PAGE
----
Soon, you will know where the old computer you plan to junk will land.
In ten days, the Mumbai Metropolitan Region Development Authority (MMRDA) will zero in on one of the five selected sites in Taloja and Vasai to set up the first electronic waste facility for the city.
“E-waste is a good business opportunity provided there is some kind of institutional support,” said M. R. Shah, principal advisor, solid waste management cell, MMRDA.
“In the absence of e-waste regulations, there is a loss to the economy because at present most parts are damaged. There are also occupational and environmental hazards when the toxic metals get into the ecosystem. Once this processing model is developed, other cities too can replicate it, ” Shah said.
An agency will soon be appointed to run the centre, which will operate in one year. While the facility will help recover most parts of the electronic items, only two percent hazardous waste will reach the landfill.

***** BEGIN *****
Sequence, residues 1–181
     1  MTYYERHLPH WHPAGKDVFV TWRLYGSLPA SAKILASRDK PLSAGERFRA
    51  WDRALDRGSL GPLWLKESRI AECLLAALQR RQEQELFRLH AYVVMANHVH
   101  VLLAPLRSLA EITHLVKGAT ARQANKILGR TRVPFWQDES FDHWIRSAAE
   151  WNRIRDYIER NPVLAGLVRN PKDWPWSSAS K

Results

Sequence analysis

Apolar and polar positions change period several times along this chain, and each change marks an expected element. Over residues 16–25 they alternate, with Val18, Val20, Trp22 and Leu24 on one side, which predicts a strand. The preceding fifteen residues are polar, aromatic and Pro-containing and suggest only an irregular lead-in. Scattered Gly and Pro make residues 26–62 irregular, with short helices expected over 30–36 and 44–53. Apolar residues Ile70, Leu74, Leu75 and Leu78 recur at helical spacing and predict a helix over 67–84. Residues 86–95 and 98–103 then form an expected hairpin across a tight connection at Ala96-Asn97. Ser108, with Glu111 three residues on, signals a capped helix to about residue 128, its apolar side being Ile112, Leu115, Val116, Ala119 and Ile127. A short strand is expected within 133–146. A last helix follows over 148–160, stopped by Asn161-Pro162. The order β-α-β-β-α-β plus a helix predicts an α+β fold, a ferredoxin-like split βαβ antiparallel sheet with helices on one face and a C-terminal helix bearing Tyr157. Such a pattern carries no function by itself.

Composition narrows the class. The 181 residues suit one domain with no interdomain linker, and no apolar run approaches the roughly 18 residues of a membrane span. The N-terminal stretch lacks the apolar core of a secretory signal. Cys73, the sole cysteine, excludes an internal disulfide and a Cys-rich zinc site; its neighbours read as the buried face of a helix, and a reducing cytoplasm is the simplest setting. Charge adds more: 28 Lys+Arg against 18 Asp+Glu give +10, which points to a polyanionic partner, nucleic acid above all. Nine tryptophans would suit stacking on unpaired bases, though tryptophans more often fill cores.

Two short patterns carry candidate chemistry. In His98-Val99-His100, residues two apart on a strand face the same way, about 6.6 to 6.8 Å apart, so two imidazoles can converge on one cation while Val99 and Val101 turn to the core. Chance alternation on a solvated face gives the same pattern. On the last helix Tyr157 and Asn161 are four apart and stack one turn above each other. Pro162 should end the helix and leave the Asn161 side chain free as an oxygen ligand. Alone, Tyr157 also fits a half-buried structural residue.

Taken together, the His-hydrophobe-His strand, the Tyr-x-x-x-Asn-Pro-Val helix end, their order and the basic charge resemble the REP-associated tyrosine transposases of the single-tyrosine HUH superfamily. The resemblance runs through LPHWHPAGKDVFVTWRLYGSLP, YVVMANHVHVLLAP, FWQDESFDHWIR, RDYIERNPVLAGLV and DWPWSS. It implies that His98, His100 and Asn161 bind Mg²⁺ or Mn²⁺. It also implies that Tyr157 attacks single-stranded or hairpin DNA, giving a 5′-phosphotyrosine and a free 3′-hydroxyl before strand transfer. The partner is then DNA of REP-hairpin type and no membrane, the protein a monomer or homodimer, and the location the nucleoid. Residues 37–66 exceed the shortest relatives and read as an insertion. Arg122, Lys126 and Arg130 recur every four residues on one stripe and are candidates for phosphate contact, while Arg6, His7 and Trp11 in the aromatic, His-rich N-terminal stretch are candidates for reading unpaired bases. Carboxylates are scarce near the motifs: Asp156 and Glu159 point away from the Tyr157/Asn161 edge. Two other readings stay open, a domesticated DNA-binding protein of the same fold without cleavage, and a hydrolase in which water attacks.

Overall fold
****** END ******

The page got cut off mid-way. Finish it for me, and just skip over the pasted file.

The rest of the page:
The facility, which will be spread over 10 acres, assumes significance for Mumbai as it tops the list of e-waste producing cities in the country.
Of the 20,000 tonnes of e-waste generated in Maharashtra, 15,000 tonnes is from the MMR region. India produces 50,000 tonnes of e-waste annually – the number is expected to increase to 800,000 by 2012.
At present, while households sell their electronic and electrical equipments to nearby junk dealers, companies auction their old products that then reach the informal sector.
Currently in talks with various stakeholders, companies will send their waste to centre when functional.
Also, various centres will be set to collect household electronic waste that will be dropped to the facility by the appointed agency.
To start, the facility will be built as a modular system and cater to an initial load of 7,500 tonnes where equipment will be separated followed by segregation of every minute part at a cost of Rs 38 crore.
The facility for extraction of precious metal such as gold, silver and chromium will be built with a budget of Rs 76 crore.
“As the quantity of e-waste increases, more units can be added to the modular unit. There is also a provision to store waste for three months,” said Sharma.
“Recovery of precious metal is the main business in the business of e-waste in India,” he added.